In this Photoshop tutorial, Bunty Pundir shows how to create a dark, mysterious and eerie scene of a girl alone in a canoe.  He uses some essential techniques to build a dark and misty scene using a variety of stock images.  You will also learn how to use displacement maps to create reflections in the water.

The last resort

  • Creating a mist - new layer named Mist, on a sky/cloud image which has been desaturated, soft brush colour #a1a1a1, I put my opacity to 50% and painted the lower half of the image. Added a layer mask and added filter/render/clouds, foreground colour black.
  • Screen blend erases black in a layer, for example a moon can be added, using screen blend only the light parts of the image show through, then use a layer mask to erase any edges etc.
  • Much adjusting using colour balance, brightness and curves to add more saturation and tones.
  • Interesting use of displacement filter to add ripples to the copies of boat, lamp and fae, first we made a psd copy of a displacement map - new copy, fill with black, convert to smart object, add noise, add bas relief filter and a motion blur then save. 
  • I tried not to make this too dark so as to retain the details of the fae, lamp and boat, and the birds.

Wednesday, 14 February 2018

Month 1 .. The Storm tutorial

My version of The Storm

"In this PS tutorial Bunty Pundir creates a dark and dramatic piece. Learn how to manipulate images of water and sky to transform them into an amazing ocean scene."

Oh I learned a heap more in this tutorial, especially about matching and changing colours, also about blending multiple images into a background.  In this image there are three ocean images plus some brushes for surf and bubbles that I used. The sky is made up with two images, all blended together, then coloured to match and highlight darkness and light.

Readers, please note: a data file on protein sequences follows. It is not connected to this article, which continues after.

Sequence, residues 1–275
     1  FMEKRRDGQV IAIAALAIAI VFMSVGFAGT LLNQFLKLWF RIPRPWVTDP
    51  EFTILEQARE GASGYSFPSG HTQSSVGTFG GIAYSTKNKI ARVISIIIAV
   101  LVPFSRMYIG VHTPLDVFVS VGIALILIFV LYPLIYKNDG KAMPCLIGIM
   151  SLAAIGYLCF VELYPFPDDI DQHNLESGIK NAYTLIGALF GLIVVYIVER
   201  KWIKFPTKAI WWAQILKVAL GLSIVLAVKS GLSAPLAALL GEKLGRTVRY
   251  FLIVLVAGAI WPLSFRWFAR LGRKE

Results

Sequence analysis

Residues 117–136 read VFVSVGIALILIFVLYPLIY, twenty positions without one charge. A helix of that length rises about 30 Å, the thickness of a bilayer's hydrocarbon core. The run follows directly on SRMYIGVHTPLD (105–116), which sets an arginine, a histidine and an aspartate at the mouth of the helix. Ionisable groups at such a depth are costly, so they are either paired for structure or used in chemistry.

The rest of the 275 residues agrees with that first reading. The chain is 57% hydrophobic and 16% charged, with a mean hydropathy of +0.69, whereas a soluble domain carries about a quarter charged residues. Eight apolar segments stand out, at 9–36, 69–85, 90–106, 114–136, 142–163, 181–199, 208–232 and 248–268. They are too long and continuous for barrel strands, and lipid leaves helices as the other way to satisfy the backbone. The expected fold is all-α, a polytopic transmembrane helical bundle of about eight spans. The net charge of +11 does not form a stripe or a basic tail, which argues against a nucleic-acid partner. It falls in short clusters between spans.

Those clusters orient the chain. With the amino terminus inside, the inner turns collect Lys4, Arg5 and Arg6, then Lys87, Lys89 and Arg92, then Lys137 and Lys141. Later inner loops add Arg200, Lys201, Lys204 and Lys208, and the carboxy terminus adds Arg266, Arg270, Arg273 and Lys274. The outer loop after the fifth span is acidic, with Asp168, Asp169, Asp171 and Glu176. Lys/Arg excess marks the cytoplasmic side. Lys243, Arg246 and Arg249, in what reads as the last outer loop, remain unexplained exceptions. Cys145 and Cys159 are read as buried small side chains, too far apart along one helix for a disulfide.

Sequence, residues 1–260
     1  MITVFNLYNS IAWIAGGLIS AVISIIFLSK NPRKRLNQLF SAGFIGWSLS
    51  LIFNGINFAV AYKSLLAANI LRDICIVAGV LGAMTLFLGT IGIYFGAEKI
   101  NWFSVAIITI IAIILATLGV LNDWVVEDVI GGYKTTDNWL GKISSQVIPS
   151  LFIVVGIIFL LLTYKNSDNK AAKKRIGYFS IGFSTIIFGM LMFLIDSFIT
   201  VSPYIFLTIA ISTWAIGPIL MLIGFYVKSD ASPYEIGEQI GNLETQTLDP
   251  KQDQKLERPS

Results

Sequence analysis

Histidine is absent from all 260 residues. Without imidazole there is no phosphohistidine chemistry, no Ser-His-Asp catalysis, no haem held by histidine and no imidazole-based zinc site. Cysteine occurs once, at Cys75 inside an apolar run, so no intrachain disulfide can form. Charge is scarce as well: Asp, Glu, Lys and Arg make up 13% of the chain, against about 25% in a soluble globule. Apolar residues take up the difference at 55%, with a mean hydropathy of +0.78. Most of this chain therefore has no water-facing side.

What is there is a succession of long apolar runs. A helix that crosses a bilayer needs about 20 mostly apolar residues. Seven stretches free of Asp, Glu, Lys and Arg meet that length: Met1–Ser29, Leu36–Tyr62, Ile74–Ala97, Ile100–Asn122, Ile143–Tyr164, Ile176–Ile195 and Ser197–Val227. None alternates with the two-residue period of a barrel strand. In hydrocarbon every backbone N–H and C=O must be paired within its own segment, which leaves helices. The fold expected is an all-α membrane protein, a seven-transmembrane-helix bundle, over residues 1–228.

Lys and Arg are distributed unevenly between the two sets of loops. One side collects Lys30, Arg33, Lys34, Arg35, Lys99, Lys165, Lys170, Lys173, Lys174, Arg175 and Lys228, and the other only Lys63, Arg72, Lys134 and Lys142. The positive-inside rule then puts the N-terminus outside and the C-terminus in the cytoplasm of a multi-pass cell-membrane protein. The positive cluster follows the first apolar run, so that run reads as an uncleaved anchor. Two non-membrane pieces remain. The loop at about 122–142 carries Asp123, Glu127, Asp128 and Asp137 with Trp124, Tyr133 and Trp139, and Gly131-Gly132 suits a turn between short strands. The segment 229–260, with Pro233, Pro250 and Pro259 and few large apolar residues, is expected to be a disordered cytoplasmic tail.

The ship is extracted but it is a bit rough as I wanted to complete this image while struggling with my new Mac and a differently behaved mouse which was a bit frustrating.

Colour balance was used near the end but the most fascinating for me was the colour lookup layer, used colour balance to shade the image in green tones then the colour lookup to change the colour of everything to match, thus the sombre dark blue/grey in this image.

What a lot of fun. I don't know how I am going to remember all this lol.

Month 1 .. Time tutorial

time - my result - a bit rough around the edges, but .....

Today I completed rather a long tutorial as per link underneath, but I will just jot down new things I have learned from this so I have notes to refer to.  The author concentrated mostly on lighting effects, some of which I found very interesting and a lot that I did not know.

"In this tutorial Bunty Pundir will show you how to create a surreal photo manipulation featuring a girl reading a book and a giant clock. This tutorial showcases some classic photo manipulation techniques such as painting shadows, adding lighting effects and unifying elements into a final image."

  • So the first layer was the road photo, added to this was the photo warming filter.
  • A light source was added to the middle using curves, increasing lightness on the highlights.
  • Using opacity, colour balance to accentuate the light source.
  • The clock was added, duplicated. To keep the original reflection and shadows a mask was painted over the duplicated clock layer.
  • Clone stamp was used to remove the name from the clock face.
  • Lots of masking and adjustment layers were used for highlights and colourings.
  • Use a brush on a mask to delete any colours on the clock face etc.
  • Add a layer and brush for extra shadows.